The Economic Story so Far

We are done with around half the course so far. In trying to understand how the world works, we looked at the world as it exists today through the lens of economics. There are multiple ways of looking at the world — historically, socially, culturally, geographically, scientifically, and so on. Why the focus on economics then? The trivial reason is that economics is the primary tool I have to explain the world.

The less trivial reason is that economics is the singular discipline that comprehensively explains how the world of humans works and why it works this way and not another. The hard sciences do a great job of explaining the world of inanimate matter. Economics explains the way the world of humans works. Continue reading “The Economic Story so Far”

Knowledge of Economics

In this very short course the attempt is to introduce a few basic economics concepts. As is true of all practical and academic disciplines, a deep study of economics requires a lifetime. But the good news is that knowing the really fundamental bits has very high return on investment. The investment is a few hours of study and reflection, and the return is a better appreciation of the magic of our world. That investment is forthcoming only if there is an interest in understanding the world.

I think part of the misery that humans suffer is entirely the consequence of plain ignorance and stupidity. Ignorance leads people to do things that increase suffering. Individual ignorance has externalities — not only the person suffers but he makes others suffer too. And when there is a lot of ignorance in a population, that society ends up suffering.

However, I have made it clear previously that one can live a perfectly good and enjoyable life without knowing anything about how the world actually works. One can be totally ignorant about basic facts of the world and still cause no harm to themselves or others.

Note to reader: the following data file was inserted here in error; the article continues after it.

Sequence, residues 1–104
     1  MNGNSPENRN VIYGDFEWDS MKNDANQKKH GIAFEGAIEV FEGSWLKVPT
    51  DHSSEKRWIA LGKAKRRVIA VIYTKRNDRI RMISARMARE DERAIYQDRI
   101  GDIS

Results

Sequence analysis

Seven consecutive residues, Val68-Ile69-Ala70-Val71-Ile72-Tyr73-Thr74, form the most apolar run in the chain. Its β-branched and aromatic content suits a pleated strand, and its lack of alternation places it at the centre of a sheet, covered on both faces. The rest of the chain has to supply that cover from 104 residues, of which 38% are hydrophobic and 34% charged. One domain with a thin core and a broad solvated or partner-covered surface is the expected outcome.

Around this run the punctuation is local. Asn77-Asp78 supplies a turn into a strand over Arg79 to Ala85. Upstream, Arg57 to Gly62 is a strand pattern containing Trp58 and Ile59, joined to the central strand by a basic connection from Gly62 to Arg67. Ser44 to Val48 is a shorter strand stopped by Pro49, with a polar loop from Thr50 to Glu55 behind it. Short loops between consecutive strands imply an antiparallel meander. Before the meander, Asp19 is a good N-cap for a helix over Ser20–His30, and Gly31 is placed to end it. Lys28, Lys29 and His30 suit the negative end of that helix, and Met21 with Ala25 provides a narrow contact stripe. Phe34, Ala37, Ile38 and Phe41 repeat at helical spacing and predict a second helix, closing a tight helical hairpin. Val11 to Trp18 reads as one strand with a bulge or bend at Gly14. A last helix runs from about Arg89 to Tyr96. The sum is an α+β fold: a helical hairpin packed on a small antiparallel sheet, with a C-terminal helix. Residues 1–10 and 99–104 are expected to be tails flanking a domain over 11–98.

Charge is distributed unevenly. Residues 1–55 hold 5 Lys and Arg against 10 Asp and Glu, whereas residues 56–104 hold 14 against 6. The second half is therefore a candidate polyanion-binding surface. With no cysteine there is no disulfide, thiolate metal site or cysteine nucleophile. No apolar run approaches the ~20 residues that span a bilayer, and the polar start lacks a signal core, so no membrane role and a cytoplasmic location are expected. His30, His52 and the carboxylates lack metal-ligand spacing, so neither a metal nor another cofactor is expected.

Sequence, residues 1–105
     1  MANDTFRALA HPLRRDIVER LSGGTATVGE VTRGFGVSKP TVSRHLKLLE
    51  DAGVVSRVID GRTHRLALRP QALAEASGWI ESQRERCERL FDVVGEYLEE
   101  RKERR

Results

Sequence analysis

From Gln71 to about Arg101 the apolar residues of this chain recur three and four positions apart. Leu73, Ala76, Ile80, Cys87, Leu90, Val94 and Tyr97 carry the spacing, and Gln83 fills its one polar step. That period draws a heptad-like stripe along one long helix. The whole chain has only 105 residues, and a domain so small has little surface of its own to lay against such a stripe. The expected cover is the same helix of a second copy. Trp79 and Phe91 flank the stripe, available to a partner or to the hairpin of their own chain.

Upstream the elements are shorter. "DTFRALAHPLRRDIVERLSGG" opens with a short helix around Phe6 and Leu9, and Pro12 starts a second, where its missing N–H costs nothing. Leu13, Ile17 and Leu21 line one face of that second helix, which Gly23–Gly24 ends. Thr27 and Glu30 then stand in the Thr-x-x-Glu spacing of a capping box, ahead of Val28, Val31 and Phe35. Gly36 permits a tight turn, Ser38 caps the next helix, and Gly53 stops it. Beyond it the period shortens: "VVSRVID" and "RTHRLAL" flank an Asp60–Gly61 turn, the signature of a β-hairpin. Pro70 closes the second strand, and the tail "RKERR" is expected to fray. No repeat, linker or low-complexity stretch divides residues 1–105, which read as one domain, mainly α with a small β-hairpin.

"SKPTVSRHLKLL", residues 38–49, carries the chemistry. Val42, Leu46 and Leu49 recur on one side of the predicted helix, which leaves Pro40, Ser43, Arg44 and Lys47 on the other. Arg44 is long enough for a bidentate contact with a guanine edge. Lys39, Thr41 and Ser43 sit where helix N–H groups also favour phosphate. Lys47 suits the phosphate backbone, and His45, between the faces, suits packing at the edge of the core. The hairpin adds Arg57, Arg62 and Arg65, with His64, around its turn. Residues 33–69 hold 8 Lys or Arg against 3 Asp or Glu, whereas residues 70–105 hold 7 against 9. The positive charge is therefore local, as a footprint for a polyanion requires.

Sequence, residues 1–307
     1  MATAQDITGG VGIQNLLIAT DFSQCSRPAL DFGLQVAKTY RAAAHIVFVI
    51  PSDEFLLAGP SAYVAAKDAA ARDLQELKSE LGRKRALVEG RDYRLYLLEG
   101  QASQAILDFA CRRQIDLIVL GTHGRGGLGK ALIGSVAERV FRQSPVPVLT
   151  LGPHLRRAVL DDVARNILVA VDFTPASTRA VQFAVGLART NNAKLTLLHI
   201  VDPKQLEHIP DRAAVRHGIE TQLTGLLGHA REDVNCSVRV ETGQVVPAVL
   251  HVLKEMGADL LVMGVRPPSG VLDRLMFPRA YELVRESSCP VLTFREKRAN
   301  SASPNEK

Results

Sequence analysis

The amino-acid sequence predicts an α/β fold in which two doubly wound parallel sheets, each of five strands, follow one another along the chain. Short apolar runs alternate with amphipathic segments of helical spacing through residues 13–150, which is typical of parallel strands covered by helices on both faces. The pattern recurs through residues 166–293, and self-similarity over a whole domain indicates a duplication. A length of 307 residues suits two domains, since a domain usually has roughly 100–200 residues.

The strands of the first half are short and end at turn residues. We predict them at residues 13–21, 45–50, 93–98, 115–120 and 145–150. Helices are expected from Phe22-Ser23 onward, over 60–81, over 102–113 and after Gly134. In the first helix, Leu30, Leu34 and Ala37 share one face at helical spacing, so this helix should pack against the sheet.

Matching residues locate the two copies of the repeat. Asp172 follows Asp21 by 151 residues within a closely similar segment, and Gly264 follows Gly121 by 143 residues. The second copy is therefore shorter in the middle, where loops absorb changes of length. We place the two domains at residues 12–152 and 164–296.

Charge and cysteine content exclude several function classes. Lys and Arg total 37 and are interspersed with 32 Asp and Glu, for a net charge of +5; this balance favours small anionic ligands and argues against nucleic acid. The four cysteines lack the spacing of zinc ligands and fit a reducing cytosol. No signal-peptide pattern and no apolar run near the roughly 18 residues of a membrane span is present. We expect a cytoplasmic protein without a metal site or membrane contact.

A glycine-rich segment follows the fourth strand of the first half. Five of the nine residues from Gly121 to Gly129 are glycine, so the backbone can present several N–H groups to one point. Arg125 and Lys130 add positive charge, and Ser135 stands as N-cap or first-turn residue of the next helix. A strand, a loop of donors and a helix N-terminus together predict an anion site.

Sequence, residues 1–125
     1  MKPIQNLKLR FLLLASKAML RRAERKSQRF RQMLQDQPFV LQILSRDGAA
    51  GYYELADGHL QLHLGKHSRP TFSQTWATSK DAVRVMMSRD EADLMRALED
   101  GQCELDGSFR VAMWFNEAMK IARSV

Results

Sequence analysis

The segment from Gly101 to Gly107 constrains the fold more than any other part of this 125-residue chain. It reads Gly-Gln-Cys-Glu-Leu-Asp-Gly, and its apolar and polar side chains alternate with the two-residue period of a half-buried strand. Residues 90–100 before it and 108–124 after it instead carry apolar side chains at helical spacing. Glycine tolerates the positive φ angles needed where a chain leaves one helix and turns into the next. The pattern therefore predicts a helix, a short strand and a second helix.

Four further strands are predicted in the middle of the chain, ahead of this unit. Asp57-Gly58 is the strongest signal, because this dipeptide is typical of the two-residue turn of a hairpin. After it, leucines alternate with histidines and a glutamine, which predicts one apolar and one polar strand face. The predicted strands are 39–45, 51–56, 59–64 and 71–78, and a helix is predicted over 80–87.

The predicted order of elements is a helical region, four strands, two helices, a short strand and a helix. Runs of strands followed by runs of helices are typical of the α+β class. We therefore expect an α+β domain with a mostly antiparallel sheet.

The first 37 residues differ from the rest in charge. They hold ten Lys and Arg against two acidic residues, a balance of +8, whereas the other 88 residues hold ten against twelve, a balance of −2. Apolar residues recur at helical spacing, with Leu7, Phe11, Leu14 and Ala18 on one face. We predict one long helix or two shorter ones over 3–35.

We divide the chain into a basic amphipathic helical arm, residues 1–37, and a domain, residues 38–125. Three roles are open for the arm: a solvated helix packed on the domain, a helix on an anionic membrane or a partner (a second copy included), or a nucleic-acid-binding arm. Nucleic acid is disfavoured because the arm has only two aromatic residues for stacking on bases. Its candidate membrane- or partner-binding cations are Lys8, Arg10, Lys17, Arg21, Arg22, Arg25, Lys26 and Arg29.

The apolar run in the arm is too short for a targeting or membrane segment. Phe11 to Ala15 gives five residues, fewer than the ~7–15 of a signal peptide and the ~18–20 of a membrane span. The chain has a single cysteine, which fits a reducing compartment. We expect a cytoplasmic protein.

But the problem is that in general if a sufficiently large segment of the population believes in wrong ideas, they’ll end up making stupid demands and that leads to bad policies and to misery all around.

Examples of policies: minimum wage laws, rent control, anti-discrimination laws, licensing laws,  etc. These policies are demanded by ignorant voters and imposed on society by self-seeking politicians and bureaucrats.

Among the worst things that a country can have is a big government. Big government happens because people want the government to be big. People are like Dr Frankenstein and they create the monster that is big government.

That is why we should be afraid of having too many ignorant people in any society that is democratically run. Democracy and ignorance is a dangerous combination.

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In the next online session, we will discuss a number of related concepts.

        • The Water Diamond Paradox
        • The Marginal Revolution
        • Subjective Theory of Value
        • Comparative Advantage

Homework? Watch this brief presentation.

Hayek on the Impossibility of Designing Society

Societies are not machines made of inert matter engineered by designers; societies are ecosystems of organisms that have minds which have volition and act purposefully to achieve their goals.

Social engineering — the deliberate transformation of an entire society according to some design — is doomed to failure because people are not inanimate objects that can be manipulated at will. The basic difficulty boils down to a lack of knowledge and the open-ended nature of the future. Nobody has the required knowledge of the present conditions of every person in society and the future state of the society. Continue reading “Hayek on the Impossibility of Designing Society”

More People, Better Earth — Part 4

{Read part 3 here.}

In his extended comment, Ghost of Hamlet wrote:

…  More innovation leads to better quality of life. … But is this relationship truly infinitely scalable? Can we have 50B people on earth and have an exceptionally advanced society ?